There’s a reason Andy Warhol once described Dolly Parton as a “walking monologue.” The 73‑year old singer, songwriter, actress, producer and literacy advocate has spent her career reflecting on the road, using the big cities and small towns she’s performed in to rustle up countless choruses and verses. Although some might consider Parton’s constant “dreamin’ and schemin’ ” exhausting, the process has done right by her: To date, Parton has 54 Top 10 Billboard hits and eight Grammys under her rhinestone belt. This is apart from her side hustles, which include a soon‑to‑launch, decidedly anti‑Goop brand of fashion, jewellery and homewares, and a new Netflix series premiering this fall. Following last year’s Dumplin’ – she recorded the soundtrack with Sia, Miranda Lambert and Mavis Staples, among others – Parton will produce and star in Dolly Parton’s Heartstrings, an eight‑part series, each episode based on one of her beloved tracks. During a break in her hectic schedule, Parton spoke to us about her routines (including the careful transportation of a surplus of wigs), exuberant style and fitting in wherever she goes.
enRoute What is the biggest personal journey you have ever made?
Dolly Parton Being a girl in a man’s world in Nashville wasn’t an easy ride. The fact that I was destined to be a singer at a young age was one heck of a journey. There weren’t many country girl singers who weren’t tied up to husbands, so getting to Nashville in my own way had me thinking differently. I had to believe in my talent and remind myself that I was just a person who had a gift and I needed to make the most of it.
ER If I had to draw a Dolly map of songs that you’ve written, which song would I start with?
DP “Coat of Many Colors” is a big travelling song for me. It’s about knowing that wealth comes in many shapes. I wrote it on the tour bus when I was on the road with Porter Wagoner, on a dry‑cleaning tag. Wagoner’s suit had these rhinestones and I looked at them and the song just started coming to me. The receipt has been donated to the Country Music Hall of Fame and Museum in Nashville, so you can see it there.
ER Andy Warhol once told you that you would make a great preacher and you answered, “What do you mean? I am a great preacher.” Do you still feel that way?
DP I wrote a song for my Imagination Library project, called “Imagination” – that song’s about how I am and why I am. You can see my philosophy and you can see how I feel. It’s about how you never really know about your own talents if you don’t try. I’m always preaching to myself in my songs.
ER I heard you have more than 300 wigs at home and you like to travel with them. How?
DP Well, I wear a different one every day, so I have at least 365. They need to come with me wherever I go! I’ll usually bring at least two wig trunks and I can carry five wigs in each trunk. They have got their little heads in them, so I can put them up on display when I need to. I can drive with them stored under the bus.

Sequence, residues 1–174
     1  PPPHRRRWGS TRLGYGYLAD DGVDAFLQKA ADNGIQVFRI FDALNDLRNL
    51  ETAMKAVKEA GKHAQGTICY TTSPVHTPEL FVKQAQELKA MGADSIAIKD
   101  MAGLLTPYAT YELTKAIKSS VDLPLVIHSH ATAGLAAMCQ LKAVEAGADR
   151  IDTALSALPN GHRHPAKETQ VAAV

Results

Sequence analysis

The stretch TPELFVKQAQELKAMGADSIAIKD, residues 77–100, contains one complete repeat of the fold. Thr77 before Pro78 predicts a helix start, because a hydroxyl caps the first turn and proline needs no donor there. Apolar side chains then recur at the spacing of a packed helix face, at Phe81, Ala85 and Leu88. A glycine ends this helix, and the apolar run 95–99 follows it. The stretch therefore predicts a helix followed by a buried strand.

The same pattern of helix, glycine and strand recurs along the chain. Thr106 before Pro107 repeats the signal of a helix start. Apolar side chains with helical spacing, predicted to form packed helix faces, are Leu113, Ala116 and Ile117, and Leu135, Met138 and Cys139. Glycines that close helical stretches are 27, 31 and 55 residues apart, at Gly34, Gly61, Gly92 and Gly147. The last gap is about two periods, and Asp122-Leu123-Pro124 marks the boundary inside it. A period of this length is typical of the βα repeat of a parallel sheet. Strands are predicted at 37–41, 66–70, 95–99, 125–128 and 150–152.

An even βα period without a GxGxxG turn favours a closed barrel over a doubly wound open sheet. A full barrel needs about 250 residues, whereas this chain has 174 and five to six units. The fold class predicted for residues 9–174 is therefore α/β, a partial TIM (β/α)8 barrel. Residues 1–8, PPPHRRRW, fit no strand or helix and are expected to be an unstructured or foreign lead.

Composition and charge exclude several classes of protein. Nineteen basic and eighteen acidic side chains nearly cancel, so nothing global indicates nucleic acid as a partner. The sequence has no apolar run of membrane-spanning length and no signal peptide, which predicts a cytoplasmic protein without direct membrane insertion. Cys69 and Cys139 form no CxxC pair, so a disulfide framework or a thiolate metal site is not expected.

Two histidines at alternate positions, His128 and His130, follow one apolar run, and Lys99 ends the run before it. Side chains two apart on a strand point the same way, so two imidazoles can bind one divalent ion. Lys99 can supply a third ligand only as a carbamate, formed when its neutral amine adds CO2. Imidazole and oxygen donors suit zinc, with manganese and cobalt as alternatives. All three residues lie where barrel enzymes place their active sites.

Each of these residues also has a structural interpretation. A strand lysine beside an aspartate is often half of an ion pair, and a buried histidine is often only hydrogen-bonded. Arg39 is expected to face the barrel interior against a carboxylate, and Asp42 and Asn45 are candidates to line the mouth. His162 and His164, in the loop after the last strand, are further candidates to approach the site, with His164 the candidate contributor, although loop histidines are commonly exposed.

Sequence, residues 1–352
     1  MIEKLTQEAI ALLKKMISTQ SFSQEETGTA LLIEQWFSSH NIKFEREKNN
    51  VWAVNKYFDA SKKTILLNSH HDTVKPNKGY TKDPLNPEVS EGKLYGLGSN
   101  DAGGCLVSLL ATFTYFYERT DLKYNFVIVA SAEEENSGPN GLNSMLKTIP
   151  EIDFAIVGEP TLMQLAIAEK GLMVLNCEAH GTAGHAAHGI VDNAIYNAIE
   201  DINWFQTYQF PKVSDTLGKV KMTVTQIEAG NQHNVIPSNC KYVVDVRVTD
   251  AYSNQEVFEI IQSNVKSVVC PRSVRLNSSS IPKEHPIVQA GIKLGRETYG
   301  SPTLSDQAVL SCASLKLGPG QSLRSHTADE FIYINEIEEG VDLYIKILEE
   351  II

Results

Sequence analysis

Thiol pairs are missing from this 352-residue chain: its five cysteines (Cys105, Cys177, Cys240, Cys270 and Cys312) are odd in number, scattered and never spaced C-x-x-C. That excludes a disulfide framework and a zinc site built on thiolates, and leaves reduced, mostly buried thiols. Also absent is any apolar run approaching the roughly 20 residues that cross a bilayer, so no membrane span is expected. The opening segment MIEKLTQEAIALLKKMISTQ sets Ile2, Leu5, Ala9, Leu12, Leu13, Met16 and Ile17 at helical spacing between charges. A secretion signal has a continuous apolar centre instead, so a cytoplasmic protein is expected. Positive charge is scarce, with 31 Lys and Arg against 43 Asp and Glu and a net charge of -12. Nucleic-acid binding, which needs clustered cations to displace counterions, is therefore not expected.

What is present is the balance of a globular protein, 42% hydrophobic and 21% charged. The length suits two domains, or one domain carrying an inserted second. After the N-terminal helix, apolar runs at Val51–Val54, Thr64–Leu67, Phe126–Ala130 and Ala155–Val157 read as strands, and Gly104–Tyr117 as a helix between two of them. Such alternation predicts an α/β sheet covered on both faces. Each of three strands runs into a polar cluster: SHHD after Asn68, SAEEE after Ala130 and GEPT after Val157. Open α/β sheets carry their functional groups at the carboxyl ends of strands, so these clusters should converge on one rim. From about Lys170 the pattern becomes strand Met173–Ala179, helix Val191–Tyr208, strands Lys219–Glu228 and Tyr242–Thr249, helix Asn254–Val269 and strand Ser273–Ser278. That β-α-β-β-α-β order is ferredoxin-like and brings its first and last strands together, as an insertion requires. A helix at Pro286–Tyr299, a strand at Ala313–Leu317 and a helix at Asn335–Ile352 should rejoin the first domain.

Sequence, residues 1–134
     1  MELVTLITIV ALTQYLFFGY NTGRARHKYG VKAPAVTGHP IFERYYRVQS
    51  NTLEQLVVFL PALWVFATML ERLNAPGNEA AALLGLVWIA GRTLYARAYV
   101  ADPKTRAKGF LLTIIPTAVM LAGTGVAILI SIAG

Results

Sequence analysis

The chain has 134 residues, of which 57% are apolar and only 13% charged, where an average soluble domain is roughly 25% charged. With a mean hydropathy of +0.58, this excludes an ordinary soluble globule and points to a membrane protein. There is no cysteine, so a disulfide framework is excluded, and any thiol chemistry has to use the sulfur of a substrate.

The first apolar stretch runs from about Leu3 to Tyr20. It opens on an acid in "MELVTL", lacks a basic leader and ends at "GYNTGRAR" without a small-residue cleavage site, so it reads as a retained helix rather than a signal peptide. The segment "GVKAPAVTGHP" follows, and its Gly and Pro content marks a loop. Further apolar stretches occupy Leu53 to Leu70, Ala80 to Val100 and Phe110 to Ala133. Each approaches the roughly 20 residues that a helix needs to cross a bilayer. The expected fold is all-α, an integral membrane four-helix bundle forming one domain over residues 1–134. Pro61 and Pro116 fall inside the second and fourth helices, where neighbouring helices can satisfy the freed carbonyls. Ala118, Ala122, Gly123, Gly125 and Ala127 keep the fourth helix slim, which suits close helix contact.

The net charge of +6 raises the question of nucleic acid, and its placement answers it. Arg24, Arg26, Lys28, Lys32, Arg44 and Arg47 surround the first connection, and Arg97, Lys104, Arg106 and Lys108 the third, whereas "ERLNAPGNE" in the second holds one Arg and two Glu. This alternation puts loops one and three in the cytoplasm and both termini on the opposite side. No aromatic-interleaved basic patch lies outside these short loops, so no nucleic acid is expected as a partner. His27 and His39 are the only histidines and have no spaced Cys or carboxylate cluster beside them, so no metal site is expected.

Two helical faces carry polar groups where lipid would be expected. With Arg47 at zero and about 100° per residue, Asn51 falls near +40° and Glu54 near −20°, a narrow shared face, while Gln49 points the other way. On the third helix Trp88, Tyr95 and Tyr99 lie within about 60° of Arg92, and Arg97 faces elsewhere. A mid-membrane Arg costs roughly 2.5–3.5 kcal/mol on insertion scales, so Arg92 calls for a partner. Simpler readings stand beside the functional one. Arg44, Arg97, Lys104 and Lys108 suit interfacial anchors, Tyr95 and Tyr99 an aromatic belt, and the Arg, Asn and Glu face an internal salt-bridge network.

ER Your first project with Netflix, a film called Dumplin’, has beauty queens, drag queens and country‑music queens all mixed into one script. What do all these queens have in common?
DP Every one of them is exaggerated to the core – with their makeup and their personality. I always say I’m a drag queen at heart because I like to dress up. I like to shine. I like to look pretty, and I don’t want to be a wallflower. Sometimes you gotta use all the colours of the rainbow to feel like you are ready for the world.
ER There is a scene in Pedro Almodóvar’s film All About My Mother, where a character named Agrado says: “You are more authentic the more you resemble what you dream of being.” Do you think that’s true?
DP Wow! That’s cool and could be the motto of my life. I’m still dreaming, though, and working on a lot of dreams. Honey, they’ll be peeling my body off the stage if and when heaven calls me.
ER You seem to always be winning at life. When is the last time you felt defeated?
DP I’m a very sensitive person. I have a great attitude, but I’ve had days where I really felt down in the dumps. It’s part of the job. I have to live with my feelings on my sleeve because I write songs. I don’t ever want to get so callous and jaded that I can’t feel. I feel for everything and everybody. That’s one of the reasons people care about me – they know that I care about them.
ER Cher once said that she believes superficial things can be powerful and can change your life. Has that been the case for you?
DP That’s one of my biggest truths: I’m totally artificial but totally real. It’s like my “Backwoods Barbie” song. I’m the country girl’s idea of glamour. I just always wanted to be pretty, even when I didn’t have the money to be pretty. Now that I can afford it, I realize that glamour is being comfortable in my own skin. For me that means being in my makeup and under my wigs and getups.
ER You have written so many songs about cities. Which ones stick out as the most memorable?
DP I wrote a song years ago called “Eugene Oregon,” about how the first time I ever got a standing ovation was in Eugene! I was still on the road for the Porter Wagoner Show and I had been out three weeks because I had the flu. I was just so sad and homesick and depressed. I was on the bus trying to get myself freshened up, but it was hard. I finally mustered up enough energy and I walked out on the stage and got that standing ovation after singing “Coat of Many Colors.” They loved the song. I got back on the bus that night and wrote the song in Eugene, Oregon.
ER What city have you travelled to that has given you a chance to feel completely at peace with yourself?
DP I know this sounds crazy but none of them. I’ve always been who I am. I always feel a part of whatever city I’m in – that could be New York, Hollywood or Nashville. I never feel like I’m out of place. I never feel like I’m not at home because I’m at home within myself. No matter where I go, I feel like I can fit in.